In the Congo Basin rain forest more lowland gorillas have been found alive and well.
This doubles the number of this species known.
is vast, it is huge, it’s second only to the Amazon. And it’s impenetrable.”
A census by the Wildlife Conservation Society raised the estimate for gorillas in the Congo jungle from between 50,000 and 100,000 to around 200,000, substantially changing the picture of a great ape population thought devastated by the Ebola virus, hunting and deforestation.
“Gorillas are in present danger from man and Ebola. Many lesser known primates are in deepening peril.
A report released Tuesday by the International Union for Conservation of Nature and other groups warned that nearly half of the world’s 634 species and subspecies of primates are threatened with extinction due to human activity.”
Numbers of apes in Asia, where more than 70 percent of primates were on the “Red List” of vulnerable or endangered species. There are so many apes and other animals on the brink of extinction.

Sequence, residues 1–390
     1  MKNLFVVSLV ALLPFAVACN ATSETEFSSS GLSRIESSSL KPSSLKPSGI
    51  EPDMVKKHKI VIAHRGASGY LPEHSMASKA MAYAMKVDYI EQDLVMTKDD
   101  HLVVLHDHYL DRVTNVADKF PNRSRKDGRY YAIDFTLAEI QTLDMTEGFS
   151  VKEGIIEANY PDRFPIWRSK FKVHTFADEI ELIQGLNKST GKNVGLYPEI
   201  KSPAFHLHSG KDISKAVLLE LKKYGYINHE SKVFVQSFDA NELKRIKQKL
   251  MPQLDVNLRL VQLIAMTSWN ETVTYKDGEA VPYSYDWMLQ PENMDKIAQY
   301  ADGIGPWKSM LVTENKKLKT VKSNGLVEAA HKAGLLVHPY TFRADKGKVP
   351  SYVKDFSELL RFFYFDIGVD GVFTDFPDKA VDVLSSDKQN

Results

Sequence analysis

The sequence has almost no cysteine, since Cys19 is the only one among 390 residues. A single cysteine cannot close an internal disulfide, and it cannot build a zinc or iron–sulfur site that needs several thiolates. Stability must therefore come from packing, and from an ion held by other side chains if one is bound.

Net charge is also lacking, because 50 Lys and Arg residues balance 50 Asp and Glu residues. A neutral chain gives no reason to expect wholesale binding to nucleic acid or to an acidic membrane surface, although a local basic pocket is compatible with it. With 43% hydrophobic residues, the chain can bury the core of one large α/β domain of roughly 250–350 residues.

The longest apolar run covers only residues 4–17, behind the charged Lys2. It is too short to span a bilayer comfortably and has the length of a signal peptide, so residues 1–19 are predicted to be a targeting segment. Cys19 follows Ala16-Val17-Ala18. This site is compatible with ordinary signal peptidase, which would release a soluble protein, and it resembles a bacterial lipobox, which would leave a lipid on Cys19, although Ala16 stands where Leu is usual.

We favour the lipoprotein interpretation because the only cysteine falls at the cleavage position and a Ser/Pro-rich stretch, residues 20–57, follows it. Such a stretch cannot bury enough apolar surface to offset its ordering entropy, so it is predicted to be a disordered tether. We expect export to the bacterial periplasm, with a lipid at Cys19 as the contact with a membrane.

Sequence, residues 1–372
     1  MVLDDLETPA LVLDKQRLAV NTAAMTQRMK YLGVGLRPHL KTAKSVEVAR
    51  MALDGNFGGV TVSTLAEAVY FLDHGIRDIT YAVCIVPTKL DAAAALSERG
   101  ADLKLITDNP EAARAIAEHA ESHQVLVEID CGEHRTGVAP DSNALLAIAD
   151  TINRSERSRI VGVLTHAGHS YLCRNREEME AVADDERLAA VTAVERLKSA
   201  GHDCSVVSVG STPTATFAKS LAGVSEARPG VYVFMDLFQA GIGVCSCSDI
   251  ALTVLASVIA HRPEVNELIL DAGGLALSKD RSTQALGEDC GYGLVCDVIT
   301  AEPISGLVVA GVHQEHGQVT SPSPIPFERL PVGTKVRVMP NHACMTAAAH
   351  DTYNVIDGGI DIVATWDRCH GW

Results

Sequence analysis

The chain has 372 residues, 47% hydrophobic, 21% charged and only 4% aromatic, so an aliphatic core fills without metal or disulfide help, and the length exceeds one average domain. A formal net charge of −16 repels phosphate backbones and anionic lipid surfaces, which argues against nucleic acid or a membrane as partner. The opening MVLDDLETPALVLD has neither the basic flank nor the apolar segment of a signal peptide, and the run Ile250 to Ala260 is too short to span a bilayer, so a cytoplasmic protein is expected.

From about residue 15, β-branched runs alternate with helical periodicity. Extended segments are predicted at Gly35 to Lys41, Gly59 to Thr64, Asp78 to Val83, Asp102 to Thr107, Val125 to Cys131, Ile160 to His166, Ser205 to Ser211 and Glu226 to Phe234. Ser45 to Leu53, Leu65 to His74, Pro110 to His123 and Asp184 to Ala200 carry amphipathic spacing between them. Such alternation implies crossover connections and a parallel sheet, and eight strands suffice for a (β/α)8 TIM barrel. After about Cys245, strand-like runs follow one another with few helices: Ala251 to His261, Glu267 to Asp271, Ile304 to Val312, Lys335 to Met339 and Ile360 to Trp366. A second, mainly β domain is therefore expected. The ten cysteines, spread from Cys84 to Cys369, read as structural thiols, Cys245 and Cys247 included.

The highland gibbon has only 19 known individuals. This Asian primate will be hard to save from extinction.
Man has destroyed these primate populations through over hunting and habitat destruction with the growing biofuel and pam oil industries.
Asked how such a huge population of gorillas could go unnoticed by scientists, Miller said: “We’re talking about the Congo Basin rainforest here. It is vast, it is huge, it’s second only to the Amazon. And it’s impenetrable.” – quoted from BEN McCONVILLE, Associated Press Writer
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